Derived it would seem at least in part from a piece called “Erosion of Self,” or at very least of a kin to it, like a lot of Smith‘s work, his art for Zorya (review here) by Polish heavy rockers Sunnata treats light with a religious reverence. Like a Kubrick shot, the sun is dead-center of the painting itself, framed and encircled by gaseous-looking clouds, and as the dawn seems to break over this landscape (or is it sunset?), it becomes difficult to tell where the robed monks end and the rocky protrusions begin. Our eyes are drawn immediately toward the light, and it’s the light that ultimately defines the story here, the way the beams of light shoot outward and turn the desert floor white so that it almost reminds of a body of water as much as a place where nothing seems to grow. Stark but consuming.

High Fighter, Scars and Crosses

high fighter scars and crosses

Cover by Dominic Sohor. Artist website.

This one was so dark, so malevolent, with such a violent bend in its prominent central figure, that it seemed to encapsulate the underlying threat that always seemed to loom over High Fighter‘s Svart Records debut album, Scars and Crosses (review here). Because the faceless blue skin and hanging, stringy hair are so reminiscent of Japanese horror films, and because the heart  in the right hand stands out so much in its silvery tone and because the pattern on the dress/cowl is so intricate, you almost don’t notice at first that it’s blood shooting out of that figure’s left wrist filled with upside-down and rightside-up crosses or that it seems to be veins in the top left corner acting as puppet strings, propping up the entire play. But it definitely is, and that only furthers the horrific, nightmarish imagery surrounding, where even the shaded background seems to want to lure you in with no hope of escape.

Bridesmaid, International House of Mancakes

bridesmaid international house of mancakes

Cover by W. Ralph Walters. Artist website.

Come on. So you mean to tell me you went ahead an reinvented KISS‘ cover for Destroyer with Ohio heavy rockers Bridesmaid dressed as the Village People? Be still my beating heart. The art for International House of Mancakes (review here) offers subversive humor without judgment, winking at the homoeroticism that has always been and likely will always be a part of rock and roll, and ultimately mocks the ridiculousness of the denial of that same homoeroticism. From the hands raised in triumph on either side (an element pulled right from the original KISS cover) to the stacks of pancakes the instrumental outfit is standing on, it functioned as artwork to say so much about the band and was perhaps all the more effective in conveying its message and their message since there were no lyrics to pull in other directions. It’s all right there in your face; bright and brilliant.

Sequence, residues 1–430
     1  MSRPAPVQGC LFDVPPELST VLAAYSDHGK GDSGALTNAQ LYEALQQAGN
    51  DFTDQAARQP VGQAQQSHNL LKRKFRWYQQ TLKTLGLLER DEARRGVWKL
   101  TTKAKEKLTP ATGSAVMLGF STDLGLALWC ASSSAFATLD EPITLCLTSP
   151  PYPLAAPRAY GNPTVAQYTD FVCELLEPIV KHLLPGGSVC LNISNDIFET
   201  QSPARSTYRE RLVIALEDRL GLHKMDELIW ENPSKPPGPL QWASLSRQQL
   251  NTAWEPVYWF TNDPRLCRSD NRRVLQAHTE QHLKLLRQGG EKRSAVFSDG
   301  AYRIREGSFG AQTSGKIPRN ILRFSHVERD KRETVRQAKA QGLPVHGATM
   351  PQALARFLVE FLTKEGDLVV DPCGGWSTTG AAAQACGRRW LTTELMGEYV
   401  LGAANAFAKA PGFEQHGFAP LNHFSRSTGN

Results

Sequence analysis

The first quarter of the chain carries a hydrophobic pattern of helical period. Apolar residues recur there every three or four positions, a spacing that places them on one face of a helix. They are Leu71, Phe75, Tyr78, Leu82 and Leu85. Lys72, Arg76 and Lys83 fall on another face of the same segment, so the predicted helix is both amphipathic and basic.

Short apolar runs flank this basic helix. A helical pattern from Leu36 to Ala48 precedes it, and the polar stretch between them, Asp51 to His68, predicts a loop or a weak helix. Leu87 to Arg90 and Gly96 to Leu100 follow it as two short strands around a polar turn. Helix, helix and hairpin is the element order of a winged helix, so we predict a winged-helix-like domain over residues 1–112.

Because I can’t seem to get out of one of these lists without a series of honorable mentions, I’ll say too that 2016 offerings from Borracho, SubRosa, Inter Arma, Mars Red Sky, Vokonis, Elephant Tree, EYE, Slomatics, Gozu and Black Moon Circle managed to strike on one level or another.

Thanks for reading. Like I said at the outset, this is barely a fraction of the amazing art that came down the line this year. If you’ve got something to add, please hit up the comments.

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Quarterly Review: The Order of Israfel, Landskap, Pooty Owldom, Celophys, Dunbarrow, Brutus, Vallihauta, Pater Nembrot, Floodlore, Red Cloud

Posted in Reviews on June 23rd, 2016 by JJ Koczan

the-obelisk-summer-2016-quarterly-review

We continue today to make our way through The Obelisk’s Summer 2016 Quarterly Review. Yesterday we passed the halfway point, always pivotal, and today brings another batch of 10 albums from the realms of doom, heavy rock, heavy psych, boogie rock, and beyond that I’m looking forward to digging into. I’ve been waking up early mornings all week to put these together — in bed circa 10PM, out of bed at 6AM — but it’s been worth it to see the response the posts have gotten so far and, I’ll say it once again, I hope you’ve found something you dig in what’s already out there, or if not, that by the time we wrap tomorrow something piques your interest. Let’s do it.

Quarterly Review #31-40:

The Order of Israfel, Red Robes

the-order-of-israfel-red-robes

Swedish double-guitar four-piece The Order of Israfel make their second offering in Red Robes. Issued, like its 2014 predecessor, Wisdom, by Napalm Records, the new collection tops out at 59 minute/eight tracks of classically rolling doom. Guitarist/vocalist Tom Sutton (also Horisont, ex-Church of Misery) leads the charge for the Gothenburg-based unit, and along with guitarist Staffan Björck, bassist Patrik Andersson Winberg and drummer Hans Lilja, he brings to light a trad doom not so far removed in some of its impulses from some others throughout Northern Europe in the post-Reverend Bizarre sphere, but showing a personality of its own in the layered vocals of “Von Sturmer” and the acoustic “Fallen Children,” which follows, the choral arrangement in the earlier “The Red Robes” and the speedier “A Shadow in the Hills,” which precedes the crawling 16-minute closer “The Thirst,” its slow-nodding finish underscoring what The Order of Israfel bring of themselves to the classic form in songwriting and overall cohesion of purpose.